Legal action continues as practice hopes to end CVA this summer

Austin-Smith Lord, Abu Dhabi

Austin-Smith Lord, Abu Dhabi

Fourteen former employees of Austin-Smith Lord in Abu Dhabi have been paid nearly £700,000 as part of a long-running dispute to recover money they were owed when the firm nearly went bust two years ago following a payment wrangle.

The news comes as the firm in charge of the CVA the practice entered into to head off insolvency said Austin-Smith Lord could be free of the agreement by the middle of this year.

The agreement was set up by accountant BDO in November 2011 and allowed the firm to continue trading as long as it began paying back some of the money it owed creditors. It was due to have finished at the end of 2013.

Last summer Austin-Smith Lord was paid just over £2m by the Abu Dhabi client it got into a payment bust-up with for its work on a cultural centre (pictured) in the Gulf state.

But the client, Adach, was obliged to keep back £750,000 to cover potential liabilities it was facing from the 14 employees who had begun the legal action to recover missing wages when they took out emergency injunctions in December 2011.

Building’s sister title Building Design reports that in an update sent last month, BDO’s joint supervisor David Gilbert told creditors: “The amount paid to the UAE employees to date, including the court’s charges and interest, totals circa £685k. Five of the UAE employees are currently appealing the court’s decisions. I anticipate the hearings will be resolved in the next three months.”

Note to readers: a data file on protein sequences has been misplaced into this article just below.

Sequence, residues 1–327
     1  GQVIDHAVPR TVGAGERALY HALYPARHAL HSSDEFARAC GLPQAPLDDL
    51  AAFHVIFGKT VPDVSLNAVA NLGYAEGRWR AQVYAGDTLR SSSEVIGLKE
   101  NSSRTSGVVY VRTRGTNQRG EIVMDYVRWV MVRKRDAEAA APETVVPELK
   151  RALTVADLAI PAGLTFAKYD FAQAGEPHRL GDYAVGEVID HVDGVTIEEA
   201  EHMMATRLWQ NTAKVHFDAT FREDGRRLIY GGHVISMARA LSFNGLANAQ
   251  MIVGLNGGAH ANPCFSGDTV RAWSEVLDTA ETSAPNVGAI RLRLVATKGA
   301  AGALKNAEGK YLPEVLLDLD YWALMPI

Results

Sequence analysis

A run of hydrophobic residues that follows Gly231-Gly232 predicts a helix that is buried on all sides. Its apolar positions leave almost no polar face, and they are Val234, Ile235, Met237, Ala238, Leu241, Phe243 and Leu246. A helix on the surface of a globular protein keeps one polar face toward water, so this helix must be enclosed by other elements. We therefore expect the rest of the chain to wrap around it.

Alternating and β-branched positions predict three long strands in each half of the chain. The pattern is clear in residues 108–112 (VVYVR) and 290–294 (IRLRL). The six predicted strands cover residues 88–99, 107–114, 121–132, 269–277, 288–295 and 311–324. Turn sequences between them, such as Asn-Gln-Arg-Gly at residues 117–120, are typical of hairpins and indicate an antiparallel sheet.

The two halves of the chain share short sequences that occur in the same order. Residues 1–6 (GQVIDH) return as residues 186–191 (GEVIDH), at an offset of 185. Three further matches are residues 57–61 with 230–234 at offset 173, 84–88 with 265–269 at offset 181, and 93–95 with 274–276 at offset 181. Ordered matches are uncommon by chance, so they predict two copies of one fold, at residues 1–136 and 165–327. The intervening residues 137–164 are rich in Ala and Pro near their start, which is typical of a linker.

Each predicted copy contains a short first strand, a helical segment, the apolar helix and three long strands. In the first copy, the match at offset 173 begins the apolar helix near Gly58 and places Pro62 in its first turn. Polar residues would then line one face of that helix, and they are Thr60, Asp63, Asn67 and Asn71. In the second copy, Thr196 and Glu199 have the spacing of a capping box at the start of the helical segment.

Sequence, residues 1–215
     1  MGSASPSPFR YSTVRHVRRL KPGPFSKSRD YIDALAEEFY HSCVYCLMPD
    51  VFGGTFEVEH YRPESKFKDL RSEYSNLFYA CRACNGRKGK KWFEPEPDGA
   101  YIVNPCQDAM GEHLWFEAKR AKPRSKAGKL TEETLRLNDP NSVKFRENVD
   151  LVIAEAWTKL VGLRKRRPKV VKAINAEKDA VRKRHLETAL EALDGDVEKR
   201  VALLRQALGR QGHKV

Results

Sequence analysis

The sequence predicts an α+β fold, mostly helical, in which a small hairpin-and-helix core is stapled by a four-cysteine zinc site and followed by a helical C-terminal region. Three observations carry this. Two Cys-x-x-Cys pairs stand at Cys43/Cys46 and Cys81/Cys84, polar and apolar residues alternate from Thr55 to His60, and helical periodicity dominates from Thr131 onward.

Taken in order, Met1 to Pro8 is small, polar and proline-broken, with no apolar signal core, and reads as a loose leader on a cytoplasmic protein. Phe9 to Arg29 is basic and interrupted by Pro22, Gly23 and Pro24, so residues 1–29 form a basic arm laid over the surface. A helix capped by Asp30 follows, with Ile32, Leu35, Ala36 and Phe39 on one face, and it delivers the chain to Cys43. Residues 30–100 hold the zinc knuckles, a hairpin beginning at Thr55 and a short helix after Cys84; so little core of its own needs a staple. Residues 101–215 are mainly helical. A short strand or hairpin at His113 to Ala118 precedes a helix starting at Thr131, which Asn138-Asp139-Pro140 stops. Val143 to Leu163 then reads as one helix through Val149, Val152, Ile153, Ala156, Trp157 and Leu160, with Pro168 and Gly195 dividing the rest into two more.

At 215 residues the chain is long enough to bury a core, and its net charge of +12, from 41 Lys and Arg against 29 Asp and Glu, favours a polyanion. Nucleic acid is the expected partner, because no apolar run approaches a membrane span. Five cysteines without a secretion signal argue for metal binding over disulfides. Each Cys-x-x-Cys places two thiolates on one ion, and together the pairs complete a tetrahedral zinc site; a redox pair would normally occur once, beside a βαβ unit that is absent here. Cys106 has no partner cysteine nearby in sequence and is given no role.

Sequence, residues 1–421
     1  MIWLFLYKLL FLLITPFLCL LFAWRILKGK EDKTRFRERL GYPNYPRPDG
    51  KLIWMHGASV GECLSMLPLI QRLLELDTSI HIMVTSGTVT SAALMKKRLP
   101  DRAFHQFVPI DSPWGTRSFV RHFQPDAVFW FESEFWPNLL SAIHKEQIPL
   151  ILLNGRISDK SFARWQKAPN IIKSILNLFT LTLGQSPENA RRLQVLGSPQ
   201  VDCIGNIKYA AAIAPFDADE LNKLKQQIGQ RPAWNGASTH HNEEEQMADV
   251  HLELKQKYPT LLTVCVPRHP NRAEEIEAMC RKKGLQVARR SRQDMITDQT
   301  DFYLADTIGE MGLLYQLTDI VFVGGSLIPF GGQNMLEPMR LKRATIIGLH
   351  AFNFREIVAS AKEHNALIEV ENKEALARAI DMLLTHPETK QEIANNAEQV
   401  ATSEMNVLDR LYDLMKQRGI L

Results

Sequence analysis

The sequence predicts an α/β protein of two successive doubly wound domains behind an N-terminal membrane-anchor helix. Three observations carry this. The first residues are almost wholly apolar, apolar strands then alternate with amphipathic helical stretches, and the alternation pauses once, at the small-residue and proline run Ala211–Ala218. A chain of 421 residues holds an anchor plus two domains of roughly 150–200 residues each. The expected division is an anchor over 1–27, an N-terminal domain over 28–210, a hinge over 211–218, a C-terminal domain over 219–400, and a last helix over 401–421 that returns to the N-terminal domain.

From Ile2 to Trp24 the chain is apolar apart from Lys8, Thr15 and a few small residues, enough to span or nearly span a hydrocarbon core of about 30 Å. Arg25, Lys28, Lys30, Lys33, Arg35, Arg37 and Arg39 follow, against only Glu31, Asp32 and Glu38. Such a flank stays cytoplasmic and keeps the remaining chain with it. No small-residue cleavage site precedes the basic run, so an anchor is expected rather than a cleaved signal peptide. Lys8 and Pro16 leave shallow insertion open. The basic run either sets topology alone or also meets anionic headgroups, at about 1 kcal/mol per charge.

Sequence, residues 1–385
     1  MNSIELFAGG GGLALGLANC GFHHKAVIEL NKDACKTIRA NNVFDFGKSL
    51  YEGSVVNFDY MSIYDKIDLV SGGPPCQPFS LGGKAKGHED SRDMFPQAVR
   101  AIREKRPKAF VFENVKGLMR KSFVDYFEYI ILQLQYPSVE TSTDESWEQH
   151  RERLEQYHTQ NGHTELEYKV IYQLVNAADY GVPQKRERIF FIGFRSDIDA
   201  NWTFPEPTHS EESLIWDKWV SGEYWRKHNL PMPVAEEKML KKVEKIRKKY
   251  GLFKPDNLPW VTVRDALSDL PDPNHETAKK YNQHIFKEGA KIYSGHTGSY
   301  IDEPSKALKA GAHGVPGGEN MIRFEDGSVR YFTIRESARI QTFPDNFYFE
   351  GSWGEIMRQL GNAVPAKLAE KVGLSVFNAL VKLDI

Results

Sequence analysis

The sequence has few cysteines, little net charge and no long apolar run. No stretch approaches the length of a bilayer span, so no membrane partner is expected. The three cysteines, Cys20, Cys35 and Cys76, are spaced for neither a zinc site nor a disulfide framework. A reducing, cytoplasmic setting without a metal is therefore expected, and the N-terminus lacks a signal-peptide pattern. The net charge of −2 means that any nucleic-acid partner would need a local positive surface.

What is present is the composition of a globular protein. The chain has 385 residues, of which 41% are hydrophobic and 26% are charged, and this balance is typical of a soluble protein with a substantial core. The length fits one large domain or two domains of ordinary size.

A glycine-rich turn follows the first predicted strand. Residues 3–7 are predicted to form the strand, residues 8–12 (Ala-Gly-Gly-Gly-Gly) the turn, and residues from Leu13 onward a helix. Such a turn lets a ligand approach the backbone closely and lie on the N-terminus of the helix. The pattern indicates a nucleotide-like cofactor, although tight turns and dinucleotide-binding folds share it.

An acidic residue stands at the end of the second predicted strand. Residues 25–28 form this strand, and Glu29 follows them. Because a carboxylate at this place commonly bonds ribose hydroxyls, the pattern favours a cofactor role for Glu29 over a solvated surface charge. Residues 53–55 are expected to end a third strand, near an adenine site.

Gilbert said he expected unsecured creditors to eventually get back around 40p in the pound when the CVA ends which he said he hoped will be some time between spring and summer this year.

“I hope to be in a position to pay the final distribution to creditors within the next three to six months,” he added.

Austin-Smith Lord partner Neil Chapman said the CVA had affected its ability to win public sector in Scotland where its Glasgow office is one of three it has along with Cardiff and Liverpool.

“It’s the credit scores that are affected there,” he said. “It’s not as much of a problem south of the border because we can providing supporting evidence about the score but in Scotland it’s been more of a problem. Not having the CVA will enable us to rebuild our credit rating so it will be good to get rid of it.”


Austin-Smith Lord employs around 55 people but the dispute with Adach saw more than 100 jobs go.

Partner Neil Chapman said the firm is not carrying out any overseas work at the moment but added: “We are looking at opportunities but we need to do it differently, we have to be a bit more cautious.”

This story first appeared on Building Design